As far as safety is concerned in Fortaleza, I did not feel unsafe, but always exercise common sense. Don't walk around late at night without a purpose, don't carry valuables on you, and if you want to carry large amounts of money split it up and put it in various parts of your body so if you get robbed you can give the robber some money instead of all.

I probably spent about $50-75 a month. You will also get a lunch stipend which is pretty generous considering food is very cheap in Brazil.

Fortaleza was nice, but a little boring. Once you visit all of the beaches there is not much left. There are a few clubs nearby, but I did not go to any of them. However, Salvador, Bahia was completely different and everyday I woke up with a purpose and with excitement.

Overall the program is amazing. If I could do it all over again, I would and I would not change one thing.

Academics:
There are five classes that you are required to take throughout the program. The classes each range for approximately 6 weeks and usually you will take 3 at a time. The classes are all geared towards helping you understand social justice issues in Brazil, as well as preparing for the Independent Study Project (the ISP is a period of four weeks where you conduct intensive research including interviews in Portuguese [if you're lucky you may find an English speaker] and literature reviews). There is 6 weeks of Intensive Portuguese. The Portuguese class in generally fun. It is Mon-Fri for 3hrs/day.

Then there is the Research Methods and Ethics class. This class is geared towards preparing for the Independent Study Project, by providing assignments and guidelines to jump start the literature review portion of the ISP and begin thinking of the logistics of you ISP and ironing out the kinks in your proposed topic of study.

The Social Justice and Public Policy course consists of speakers from various walks of life as well as excursions to understand social justice and sustainability issues in Brazil. This class is no traditional in that you sit and listen to a professor lecture and you write a term paper. This class is interactive and can be described as a class without borders--learning occurs in many different places.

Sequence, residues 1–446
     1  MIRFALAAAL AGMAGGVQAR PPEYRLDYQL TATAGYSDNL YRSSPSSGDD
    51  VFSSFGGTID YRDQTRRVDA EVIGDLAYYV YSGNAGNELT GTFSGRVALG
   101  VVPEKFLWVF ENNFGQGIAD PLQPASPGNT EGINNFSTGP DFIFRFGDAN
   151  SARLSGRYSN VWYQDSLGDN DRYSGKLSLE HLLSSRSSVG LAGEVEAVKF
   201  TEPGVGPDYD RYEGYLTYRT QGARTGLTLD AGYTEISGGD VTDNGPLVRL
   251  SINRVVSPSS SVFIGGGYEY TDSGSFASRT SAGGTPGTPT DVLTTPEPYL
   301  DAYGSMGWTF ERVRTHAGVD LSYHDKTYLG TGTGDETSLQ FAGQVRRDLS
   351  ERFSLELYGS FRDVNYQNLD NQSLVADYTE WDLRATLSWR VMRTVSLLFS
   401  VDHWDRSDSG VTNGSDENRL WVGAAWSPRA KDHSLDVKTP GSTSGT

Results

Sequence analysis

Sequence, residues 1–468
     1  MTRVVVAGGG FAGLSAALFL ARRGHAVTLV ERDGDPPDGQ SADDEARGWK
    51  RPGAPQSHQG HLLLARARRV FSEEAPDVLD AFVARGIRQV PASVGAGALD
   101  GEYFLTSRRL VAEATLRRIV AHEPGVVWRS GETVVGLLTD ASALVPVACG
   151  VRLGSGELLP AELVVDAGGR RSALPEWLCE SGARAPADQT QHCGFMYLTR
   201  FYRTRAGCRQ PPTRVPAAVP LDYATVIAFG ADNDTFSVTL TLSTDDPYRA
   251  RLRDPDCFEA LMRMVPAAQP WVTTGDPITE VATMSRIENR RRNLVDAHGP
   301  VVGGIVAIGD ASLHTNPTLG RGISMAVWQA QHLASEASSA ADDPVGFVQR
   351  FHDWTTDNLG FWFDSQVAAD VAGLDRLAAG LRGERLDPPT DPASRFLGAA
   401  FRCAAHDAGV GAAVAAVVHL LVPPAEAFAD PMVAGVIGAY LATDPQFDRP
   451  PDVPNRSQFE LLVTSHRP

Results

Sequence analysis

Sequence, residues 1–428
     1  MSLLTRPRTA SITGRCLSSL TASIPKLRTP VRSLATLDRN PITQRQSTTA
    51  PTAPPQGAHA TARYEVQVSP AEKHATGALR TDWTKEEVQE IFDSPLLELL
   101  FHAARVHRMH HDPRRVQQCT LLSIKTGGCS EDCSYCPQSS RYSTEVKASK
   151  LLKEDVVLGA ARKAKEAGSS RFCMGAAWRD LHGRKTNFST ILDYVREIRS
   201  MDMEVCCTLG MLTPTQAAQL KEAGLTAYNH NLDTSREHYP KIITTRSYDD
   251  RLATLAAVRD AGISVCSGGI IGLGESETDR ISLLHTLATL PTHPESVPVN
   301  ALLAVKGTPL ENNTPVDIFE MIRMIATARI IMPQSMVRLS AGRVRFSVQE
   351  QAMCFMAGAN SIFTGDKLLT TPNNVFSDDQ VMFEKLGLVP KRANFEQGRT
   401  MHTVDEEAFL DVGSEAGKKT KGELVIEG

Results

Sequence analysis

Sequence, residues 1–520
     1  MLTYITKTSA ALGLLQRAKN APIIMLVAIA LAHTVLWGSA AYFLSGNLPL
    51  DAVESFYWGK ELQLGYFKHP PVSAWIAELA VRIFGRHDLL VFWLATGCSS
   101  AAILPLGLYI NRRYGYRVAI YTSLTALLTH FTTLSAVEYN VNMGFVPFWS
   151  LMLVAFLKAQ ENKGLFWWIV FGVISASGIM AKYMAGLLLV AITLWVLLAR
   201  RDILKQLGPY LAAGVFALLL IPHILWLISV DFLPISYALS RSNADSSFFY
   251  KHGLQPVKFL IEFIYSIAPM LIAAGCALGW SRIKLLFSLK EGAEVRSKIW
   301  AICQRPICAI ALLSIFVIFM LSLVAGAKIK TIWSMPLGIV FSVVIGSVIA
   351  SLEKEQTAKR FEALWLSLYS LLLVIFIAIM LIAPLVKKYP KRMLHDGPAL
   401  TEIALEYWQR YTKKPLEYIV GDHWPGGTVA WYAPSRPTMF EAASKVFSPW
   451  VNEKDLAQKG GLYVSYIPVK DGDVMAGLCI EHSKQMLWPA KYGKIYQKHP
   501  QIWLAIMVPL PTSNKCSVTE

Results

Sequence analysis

The Race, Gender, & Sustainable Development class begins with the excursion to Salvador, Bahia--this class is byfar the best one of the program. It is structured similarly to the Social Justice and Public Policy class.

Finally, the ISP is a period of four weeks where you will conduct interviews to supplement your literature reviews. If you complete your work in the Research Methods & Ethics class, your literature review should be mostly complete before you begin interviewing. This period is very stressful because you are not under the guidance of the program directors, there is usually no one to translate for you, and usually things do not go as planned--but it is such a great learning and growing experience.

All the classes, except for the Research Methods & Ethics, are light on required reading; however, the content you will learn in the class will surely jump start your curiosity and you may find yourself beginning to research many things on your own.

Grading depends on your participation in the class discussions and if/when you turn in assignments. There are usually two weekly assignments that are a minimum of 3 pages each. At the conclusion of the program, you are given the chance to self evaluate, which helps the professors with their final grade considerations.

Living Situation:
My living situation was amazing! I lived one block away from the school where most of the classes are held. I lived in an apartment with my host mother and her miniature poodle. I had my own room and restroom.

My mother would cook breakfast and dinner for me everyday. We would often chat during breakfast. My mother tried to incorporate as many different Brazilian foods into my diet, until we figured out what I did and did not like. My mother was a professor who taught at night so usually when I was coming in from school she was heading out to work. My host mother was less than 10 years older than me, so we often went out to social events together. I did not have a curfew, and she often encouraged me to go make new friends.

Unfortunately, there was no washer and dryer, so I ended up having to hand wash all my clothes. There were laundry mats nearby, not like the ones in America where you put in a few quarters and detergent, the laundry mats in Brazil are you just give someone you clothes and they will hand wash them for you.

There was a maid who came once a week to clean and cook Sunday dinner. One day she stole my iPod. Do not leave valuables out when the maid comes.

My only issue was that since my host mom worked at night, I usually did not have anyone to practice Portuguese with.

Cultural Immersion: